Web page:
Getting emotional: a study of the effectiveness of emotion in video games

Mulholland, Michael Eugene (2012) Getting emotional: a study of the effectiveness of emotion in video games. BSc dissertation, University of Portsmouth.

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    For years now gamers, developers and critics have been talking about the role of deep complex emotions in video games and whether it has a viable place in the industry. Some believe that gaming as a medium of entertainment is a perfect format to enable people to experience things that can not be experienced in other media whilst others believe that you can not get a deep enough emotional connection from games to experience it. Other papers have tried to identify emotions felt during gameplay via means of analysing other players or conclusions based on their own experiences. This paper looks at what current research has been done in the field, the current feedback about the subject from gamers and tries a different method to determining emotional connection to the player. The experiment in this study uses players conclusions and decisions made during gameplay to determine the reason for their choices. Putting players in situations of complex moral questions where gameplay or reason may be overridden by the emotional impact the game makes on their decision making process. Can emotion play such a large role as to override reason in games?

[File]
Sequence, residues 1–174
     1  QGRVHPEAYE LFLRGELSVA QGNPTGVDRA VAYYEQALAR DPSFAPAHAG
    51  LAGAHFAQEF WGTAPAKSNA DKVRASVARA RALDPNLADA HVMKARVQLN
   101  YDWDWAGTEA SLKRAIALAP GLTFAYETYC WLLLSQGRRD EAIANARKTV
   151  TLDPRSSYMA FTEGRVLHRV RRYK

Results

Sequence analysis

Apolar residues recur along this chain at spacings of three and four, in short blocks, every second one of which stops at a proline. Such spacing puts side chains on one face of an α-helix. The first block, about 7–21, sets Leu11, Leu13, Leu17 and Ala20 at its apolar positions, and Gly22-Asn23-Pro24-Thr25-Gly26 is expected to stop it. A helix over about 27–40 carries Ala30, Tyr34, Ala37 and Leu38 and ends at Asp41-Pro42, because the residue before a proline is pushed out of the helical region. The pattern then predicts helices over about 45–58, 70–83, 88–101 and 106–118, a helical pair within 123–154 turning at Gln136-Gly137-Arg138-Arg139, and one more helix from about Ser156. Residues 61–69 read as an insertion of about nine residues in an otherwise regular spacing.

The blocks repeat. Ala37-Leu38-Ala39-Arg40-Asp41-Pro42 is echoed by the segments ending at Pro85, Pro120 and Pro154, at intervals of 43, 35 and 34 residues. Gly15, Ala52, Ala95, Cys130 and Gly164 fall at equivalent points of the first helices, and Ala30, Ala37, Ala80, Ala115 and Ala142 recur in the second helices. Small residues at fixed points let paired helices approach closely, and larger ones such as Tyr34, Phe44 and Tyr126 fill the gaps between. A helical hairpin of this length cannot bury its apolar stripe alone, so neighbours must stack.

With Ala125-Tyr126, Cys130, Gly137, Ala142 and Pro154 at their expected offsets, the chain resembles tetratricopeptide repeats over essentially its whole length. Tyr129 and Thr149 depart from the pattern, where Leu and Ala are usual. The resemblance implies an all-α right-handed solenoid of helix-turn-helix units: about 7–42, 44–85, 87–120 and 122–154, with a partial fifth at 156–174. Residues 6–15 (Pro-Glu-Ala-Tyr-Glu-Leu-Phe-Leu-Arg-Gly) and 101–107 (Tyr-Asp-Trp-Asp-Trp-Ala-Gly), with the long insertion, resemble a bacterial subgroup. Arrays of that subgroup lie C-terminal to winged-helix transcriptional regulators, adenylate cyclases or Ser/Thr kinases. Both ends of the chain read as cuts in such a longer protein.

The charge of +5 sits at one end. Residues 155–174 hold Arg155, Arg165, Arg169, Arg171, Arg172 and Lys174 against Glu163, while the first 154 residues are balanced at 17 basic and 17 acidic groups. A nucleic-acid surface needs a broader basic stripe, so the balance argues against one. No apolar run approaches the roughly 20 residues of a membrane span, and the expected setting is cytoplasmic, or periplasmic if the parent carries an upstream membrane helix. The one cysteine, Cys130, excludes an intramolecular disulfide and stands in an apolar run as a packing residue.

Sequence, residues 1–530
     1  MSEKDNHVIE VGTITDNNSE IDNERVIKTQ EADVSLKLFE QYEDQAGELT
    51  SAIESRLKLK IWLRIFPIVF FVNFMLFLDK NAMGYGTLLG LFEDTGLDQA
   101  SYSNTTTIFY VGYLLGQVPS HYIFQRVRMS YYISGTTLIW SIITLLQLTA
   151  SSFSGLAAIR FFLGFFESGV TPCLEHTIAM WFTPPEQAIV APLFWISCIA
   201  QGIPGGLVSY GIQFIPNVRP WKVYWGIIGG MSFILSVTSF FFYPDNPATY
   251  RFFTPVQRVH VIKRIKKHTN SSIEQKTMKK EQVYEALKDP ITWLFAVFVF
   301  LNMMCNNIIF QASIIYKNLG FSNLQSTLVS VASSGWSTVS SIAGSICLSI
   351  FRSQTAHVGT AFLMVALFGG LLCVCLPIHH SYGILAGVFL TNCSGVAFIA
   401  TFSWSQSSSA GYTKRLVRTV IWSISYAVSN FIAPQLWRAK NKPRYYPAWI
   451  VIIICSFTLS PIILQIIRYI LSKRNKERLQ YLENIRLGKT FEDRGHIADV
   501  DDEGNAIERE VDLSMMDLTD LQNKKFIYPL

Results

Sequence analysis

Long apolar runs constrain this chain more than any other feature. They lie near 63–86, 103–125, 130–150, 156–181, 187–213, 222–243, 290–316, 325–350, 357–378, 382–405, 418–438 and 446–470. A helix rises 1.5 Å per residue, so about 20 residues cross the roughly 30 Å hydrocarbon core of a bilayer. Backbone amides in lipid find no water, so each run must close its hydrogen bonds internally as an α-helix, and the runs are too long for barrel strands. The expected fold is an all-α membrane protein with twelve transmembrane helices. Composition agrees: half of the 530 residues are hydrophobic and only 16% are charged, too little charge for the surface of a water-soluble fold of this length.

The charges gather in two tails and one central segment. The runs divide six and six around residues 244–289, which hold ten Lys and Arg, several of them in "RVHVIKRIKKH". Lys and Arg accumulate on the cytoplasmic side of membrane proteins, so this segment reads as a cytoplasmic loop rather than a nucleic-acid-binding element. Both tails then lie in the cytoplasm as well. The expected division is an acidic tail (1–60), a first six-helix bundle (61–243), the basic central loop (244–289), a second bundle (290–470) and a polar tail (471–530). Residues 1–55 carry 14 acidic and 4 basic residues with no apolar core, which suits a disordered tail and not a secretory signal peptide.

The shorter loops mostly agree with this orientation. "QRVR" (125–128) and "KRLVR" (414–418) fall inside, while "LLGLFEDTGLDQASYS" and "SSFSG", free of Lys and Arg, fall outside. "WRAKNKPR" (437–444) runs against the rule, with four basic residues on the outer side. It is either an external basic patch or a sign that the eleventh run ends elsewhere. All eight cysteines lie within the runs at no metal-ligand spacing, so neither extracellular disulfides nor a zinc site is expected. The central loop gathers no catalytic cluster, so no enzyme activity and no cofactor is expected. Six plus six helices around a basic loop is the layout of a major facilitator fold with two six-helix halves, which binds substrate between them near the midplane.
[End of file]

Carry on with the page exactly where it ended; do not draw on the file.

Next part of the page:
Item Type: Dissertation
    Departments/Research Groups: Faculty of Creative and Cultural Industries > School of Creative Technologies
    Depositing User: Jane Polwin
    Date Deposited: 19 Nov 2012 11:22
    Last Modified: 28 Jan 2015 12:11

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